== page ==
- Harry Potter and the Goblet of Fire, Chapter 21 (The House-Elf Liberation Front)

It’d be bad planning to have the house-elves always required to obey the students. Having students be able to command house-elves could let them order the house-elves to do a variety of things that the staff absolutely wouldn’t want, and wouldn’t always be able to find out about and overrule the student so stop the house-elves from doing them. Students could, for example, have a house-elf steal them the answers to their next test, put worms in their enemy’s bed, and even have them poison the food. Harry sometimes gives Dobby orders, but this may be a special case, as he greatly respects Harry - he may simply choose to obey Harry because he likes him so much.

“Dobby – this is an order – get back down to the kitchen with the other elves and, if she asks you whether you warned me, lie and say no!’ said Harry. ‘And I forbid you to hurt yourself!’ he added, dropping the elf as he made it over the threshold at last and slammed the door behind him.

‘Thank you, Harry Potter!’ squeaked Dobby, and he streaked off.”
- Harry Potter and the Order of the Phoenix, Chapter 27 (The Centaur and the Sneak)

However, even Dobby is forced to obey Umbridge and punish himself for disobeying her, since he had to punish himself for trying to tell Harry that Umbridge knew about Dumbledore’s Army.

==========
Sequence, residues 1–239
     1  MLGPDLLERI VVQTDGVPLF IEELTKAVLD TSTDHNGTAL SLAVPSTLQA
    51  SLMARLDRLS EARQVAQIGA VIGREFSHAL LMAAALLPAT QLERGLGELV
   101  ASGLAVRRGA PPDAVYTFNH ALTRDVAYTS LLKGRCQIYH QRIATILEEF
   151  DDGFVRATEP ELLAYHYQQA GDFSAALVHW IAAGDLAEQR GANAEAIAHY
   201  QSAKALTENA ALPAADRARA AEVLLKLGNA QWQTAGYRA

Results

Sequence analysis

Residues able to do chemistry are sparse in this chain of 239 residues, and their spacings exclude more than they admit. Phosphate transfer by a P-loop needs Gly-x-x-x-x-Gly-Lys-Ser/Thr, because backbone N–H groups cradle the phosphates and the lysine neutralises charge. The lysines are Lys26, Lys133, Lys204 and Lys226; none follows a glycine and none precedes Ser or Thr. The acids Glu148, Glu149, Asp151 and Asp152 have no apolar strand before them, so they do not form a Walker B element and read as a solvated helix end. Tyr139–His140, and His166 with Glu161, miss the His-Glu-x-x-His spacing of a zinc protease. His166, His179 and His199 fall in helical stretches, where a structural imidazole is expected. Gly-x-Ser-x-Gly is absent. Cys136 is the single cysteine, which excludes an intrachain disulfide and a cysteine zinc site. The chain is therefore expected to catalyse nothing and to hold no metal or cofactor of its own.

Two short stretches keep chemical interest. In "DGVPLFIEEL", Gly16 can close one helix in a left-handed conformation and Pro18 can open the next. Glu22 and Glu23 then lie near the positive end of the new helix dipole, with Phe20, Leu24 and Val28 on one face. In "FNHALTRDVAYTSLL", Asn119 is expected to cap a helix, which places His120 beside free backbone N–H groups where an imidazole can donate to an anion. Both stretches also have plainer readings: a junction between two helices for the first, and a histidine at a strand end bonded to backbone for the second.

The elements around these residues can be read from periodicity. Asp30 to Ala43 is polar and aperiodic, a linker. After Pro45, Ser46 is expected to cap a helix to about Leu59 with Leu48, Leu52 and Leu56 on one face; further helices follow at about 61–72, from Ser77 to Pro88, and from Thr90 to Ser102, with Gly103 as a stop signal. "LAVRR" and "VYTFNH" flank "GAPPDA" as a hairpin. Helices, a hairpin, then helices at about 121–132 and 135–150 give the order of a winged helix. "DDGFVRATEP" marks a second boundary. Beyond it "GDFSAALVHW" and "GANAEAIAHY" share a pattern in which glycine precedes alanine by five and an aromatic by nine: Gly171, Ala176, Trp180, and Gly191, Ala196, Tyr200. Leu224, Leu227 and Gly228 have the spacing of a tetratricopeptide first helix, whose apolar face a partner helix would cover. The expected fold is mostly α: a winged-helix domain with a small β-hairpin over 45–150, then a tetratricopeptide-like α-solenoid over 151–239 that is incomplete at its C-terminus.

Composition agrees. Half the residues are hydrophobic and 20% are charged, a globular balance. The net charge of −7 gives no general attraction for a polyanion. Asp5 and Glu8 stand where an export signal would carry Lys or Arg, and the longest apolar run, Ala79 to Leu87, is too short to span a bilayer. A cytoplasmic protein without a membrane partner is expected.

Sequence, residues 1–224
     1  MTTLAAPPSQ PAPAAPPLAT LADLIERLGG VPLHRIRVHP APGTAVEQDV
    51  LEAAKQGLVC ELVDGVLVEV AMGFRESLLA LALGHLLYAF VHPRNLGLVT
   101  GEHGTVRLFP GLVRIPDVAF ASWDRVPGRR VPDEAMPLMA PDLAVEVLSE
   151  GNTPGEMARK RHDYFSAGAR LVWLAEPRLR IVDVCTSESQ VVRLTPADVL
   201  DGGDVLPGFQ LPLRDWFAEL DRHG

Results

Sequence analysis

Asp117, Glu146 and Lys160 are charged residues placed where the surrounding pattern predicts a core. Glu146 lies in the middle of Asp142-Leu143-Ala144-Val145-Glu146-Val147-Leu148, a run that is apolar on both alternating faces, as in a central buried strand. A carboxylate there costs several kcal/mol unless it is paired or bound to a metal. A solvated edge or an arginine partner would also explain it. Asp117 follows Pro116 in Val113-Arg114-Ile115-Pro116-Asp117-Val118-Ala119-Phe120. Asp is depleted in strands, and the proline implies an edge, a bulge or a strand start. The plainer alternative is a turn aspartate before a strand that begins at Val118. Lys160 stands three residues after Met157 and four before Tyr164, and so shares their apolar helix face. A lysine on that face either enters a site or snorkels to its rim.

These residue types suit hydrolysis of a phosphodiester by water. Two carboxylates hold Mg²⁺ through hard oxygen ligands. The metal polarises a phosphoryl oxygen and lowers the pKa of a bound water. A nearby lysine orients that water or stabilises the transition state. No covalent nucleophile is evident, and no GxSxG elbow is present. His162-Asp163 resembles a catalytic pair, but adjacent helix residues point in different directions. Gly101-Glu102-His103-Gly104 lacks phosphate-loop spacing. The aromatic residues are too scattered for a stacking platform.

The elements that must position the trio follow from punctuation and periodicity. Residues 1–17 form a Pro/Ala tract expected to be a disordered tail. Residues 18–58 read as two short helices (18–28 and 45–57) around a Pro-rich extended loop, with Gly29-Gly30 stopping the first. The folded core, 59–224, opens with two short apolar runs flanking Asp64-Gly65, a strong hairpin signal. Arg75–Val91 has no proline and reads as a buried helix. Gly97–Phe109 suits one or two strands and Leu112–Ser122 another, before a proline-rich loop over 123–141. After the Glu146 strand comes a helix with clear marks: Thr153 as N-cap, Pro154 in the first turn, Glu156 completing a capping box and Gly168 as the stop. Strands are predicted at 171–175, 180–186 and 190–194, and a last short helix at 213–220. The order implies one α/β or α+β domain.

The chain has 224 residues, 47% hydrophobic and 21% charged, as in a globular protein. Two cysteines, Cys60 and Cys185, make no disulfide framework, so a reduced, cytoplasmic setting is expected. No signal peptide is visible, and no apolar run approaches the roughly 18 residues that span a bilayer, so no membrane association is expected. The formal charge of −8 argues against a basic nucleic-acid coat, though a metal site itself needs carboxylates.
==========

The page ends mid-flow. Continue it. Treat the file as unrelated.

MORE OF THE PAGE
• Perhaps if Hermione had ordered them to stop pushing they would have had to obey?
    – Alex
    Commented Aug 19, 2018 at 19:04

In OotP, Harry gives Dobby an order. That’s the closest canon reference to your question. It’s an order for Dobby not to punish himself if Umbridge does something, I can’t remember. I don’t know if Dobby just respects Harry so much and therefore treats him as a kind of master, or if Dobby, being a free elf, can choose which orders to obey.

There could be a load of other reasons why Dobby accepts this order, too. Is it even an order if Dobby is free? How could Umbridge order Dobby to do something if he is a free elf?

  • Note that this is a question and answer site not a discussion forum and so the “thoughts?” Note isn’t really appropriate here. This answer would also be improved if you edited in the quote from the book to back up you answer. Lastly, you may want to take the tour and read How to Answer to get an idea for how the site works.
    – TheLethalCarrot
    Commented Nov 22, 2020 at 23:15